VIBE caught up with Hosea Chanchez, who is known as The Game’s bad boy Malik. He couldn’t reveal much about the show but we did pull some hints from him about what to expect for season five, the desire to play Martin Luther King Jr. in a biopic and his non-profit youth organization.
When last season of The Game ended, it looked like Malik might have to start taking responsibility for someone else, which is sort of like a role reversal. I know you can’t reveal too much but can you elaborate on that or at least tell me if I’m hot or cold?
[Laughs] You are hot! I hate dealing with stuff like this because we can’t say anything. I’m excited to just talk to the fans about the show but they forbid us from saying anything other than Brandy is on the show.
Yeah, journalists hate that but you have to stick to your contract so it is what it is. As far as Brandy being on the show, what can we expect with her relationship with your character?
She’s not really too much in my parts this season but she has had things where she’s worked with everybody. You’re gonna have to wait and see but she’s a really good actress. She’s on point, so that makes it easy to work with her.
What can fans expect from this season in general?
A bigger show. Bigger, better in looks, better in acting and better in storylines.
Malik is a really complex character, but what is your favorite thing about playing him and what’s the hardest thing about playing him?
My favorite thing about playing him is that he’s so honest. He says whatever’s on his mind. He has no filter. And that is probably the most likeable thing about the character for me is that he does everything based on truth—it’s his truth but truth. And the hardest thing about playing him is when he is a lot less careful. And he will just say something to double the score. So it’s a gift and a curse in a way because it’s opposite of myself because I’m very conscious of what I put out into the world—you know—what energy I give other people and how I handle my surroundings, and he’s the opposite so that’s the hardest thing as far as playing him.
Have you learned anything about yourself from playing that character?
The character himself has taught me that because it is a challenging role for me because he’s absolutely nothing like me. Playing him takes studying, he takes discipline, he takes all of that stuff for me as an actor. So I think the biggest thing I’ve learned is how to be more patient as a person.
I have to ask but will Malik keep a steady relationship this time around?
[Laughs] You know what? Maybe one day. Hopefully. But not right now; I don’t think so.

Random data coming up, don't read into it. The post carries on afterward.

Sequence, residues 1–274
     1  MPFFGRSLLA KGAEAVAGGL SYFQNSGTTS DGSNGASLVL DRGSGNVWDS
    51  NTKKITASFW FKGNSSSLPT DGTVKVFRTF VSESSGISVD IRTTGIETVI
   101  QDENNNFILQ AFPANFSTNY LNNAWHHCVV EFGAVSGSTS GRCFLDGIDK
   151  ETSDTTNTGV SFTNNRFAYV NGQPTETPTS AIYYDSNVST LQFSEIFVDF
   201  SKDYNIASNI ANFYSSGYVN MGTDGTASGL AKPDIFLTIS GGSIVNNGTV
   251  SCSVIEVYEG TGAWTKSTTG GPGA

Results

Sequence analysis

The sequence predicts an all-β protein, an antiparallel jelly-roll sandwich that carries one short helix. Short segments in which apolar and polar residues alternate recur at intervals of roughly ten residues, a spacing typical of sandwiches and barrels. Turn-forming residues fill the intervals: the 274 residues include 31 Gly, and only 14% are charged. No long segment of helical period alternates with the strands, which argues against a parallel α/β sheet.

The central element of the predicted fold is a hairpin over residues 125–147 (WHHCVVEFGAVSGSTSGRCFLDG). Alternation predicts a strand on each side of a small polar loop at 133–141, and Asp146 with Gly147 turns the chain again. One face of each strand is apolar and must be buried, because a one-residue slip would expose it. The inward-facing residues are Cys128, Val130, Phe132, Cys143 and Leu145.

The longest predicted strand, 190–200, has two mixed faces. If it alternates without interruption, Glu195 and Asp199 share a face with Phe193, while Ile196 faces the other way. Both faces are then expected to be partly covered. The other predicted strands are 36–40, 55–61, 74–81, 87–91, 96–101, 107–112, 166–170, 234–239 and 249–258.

In addition to acting you have a charity. Talk about what it is and the inspiration behind and your mission.
Watch Me Win is a youth non-profit organization and what we do is teach kids how to overcome economical and mental roadblocks. The brain behind this is my upbringing and how my grandparents provided me with a way to be free mentally. If you can free your mind from all these different things—these roadblocks that you have, these different energies, these different doubts and insecurities then you can overcome the mental capacity to judge and suppress certain things and you will be limitless. A lot of kids don’t really get the opportunity to know that. So teaching them how to tap into those things that make them the most powerful as people in general—it doesn’t matter whether they’re Black, White or Asian, the keys to success in life are often from the mental capacity to see it, to feel it to taste it, to view it, and to actually believe that you can grab it. And I’m not talking about monetary success, I’m talking about tapping into your purpose or tapping into your passion, living a healthy life and things that extend past monetary success.
Speaking of success, you have a production company what are you working on with that?
I’m doing some producing coming up in 2012, television and film. Television and film should depict real life. For me, as long as there is a place and time in this world where there is a culture or society or a people that reflects whatever it is, I think the art should be told. My thing is, as long as it’s authentic to what’s real then I wanna do it. No matter what the story is, I have no boundaries about that, no matter what the race or the product is, as long as it’s real, as long as there’s a place and time that we can shine that light on that culture, that lifestyle, that existence then we should tell our story.
I have a series of random questions I want to ask you. One, what’s your ideal role to play?
I just wanna act and I just wanna play real people. If they’re real and they exist then that’s my job as an artist, I don’t have an ideal role because they’re all ideal every time I get one, as long as they’re real people.
If you could play anyone in biopic, who would you be?
Martin Luther King. I think that he is one of the greatest men that ever lived.